Newcomers win seats on western recreation board |

Newcomers win seats on western recreation board

Scott N. Miller
Daily file photo Western Eagle County metro rec district voters re-elected chairman Chris Williams and put two newcomers on the board of the organization, which owns and manages recreational facilities such as the baseball field pictured above.

Voters in the Western Eagle County Metropolitan Recreation District returned an incumbent and elected two new board members Tuesday. District voters also turned down a ballot measure to exempt the board from the state’s term limit laws.

Elected were current board chairman Chris Williams, John McCauley and Julie Alt.

The term limit question was defeated by the narrowest of margins, 172-170. While the results had yet to be certified Tuesday night, district official Lanie Martin said the outcome was unlikely to change. A total of 355 ballots were cast in the district, which stretches from east Dotsero and includes parts of Edwards.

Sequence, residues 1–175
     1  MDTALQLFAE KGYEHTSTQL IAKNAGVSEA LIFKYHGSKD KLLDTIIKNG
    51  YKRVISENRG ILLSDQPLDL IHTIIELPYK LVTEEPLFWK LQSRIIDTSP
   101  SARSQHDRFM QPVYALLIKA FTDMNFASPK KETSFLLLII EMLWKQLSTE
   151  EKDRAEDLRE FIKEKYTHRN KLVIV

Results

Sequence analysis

Voting in Gypsum Tuesday was slow, but a steady trickle of residents came in to cast ballots. And although May elections don’t usually draw big crowds, those who did cast ballots came in with a sense of purpose.

“I try to get to these elections all the time,” Derenda Solomon said. Solomon said she based her voting decisions on candidate profiles she had read in the paper. While not voting with a specific candidate or agenda in mind, Solomon said “It’s important to get out.”

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Carolyn Fiveash said she was voting for her grandchildren. “What I’ve seen from the district so far has been great,” she said. “I want to see us keep going in the same direction.”

Marty Lich, who was running for a spot on the Gypsum Fire District Board, also cast an enthusiastic vote for recreation. Lich said this and other district elections are a chance for residents to express their views.

“What I want my ballot to say is that hockey is vitally important to our community,” Lich said.

District employees Jeff Sweet and Scott Ruff volunteered to be election judges in Gypsum. Sweet, who was working his second district election, said it’s somewhat disappointing when voters don’t turn out in force. “But it hopefully shows we’re doing a good job,” he said.

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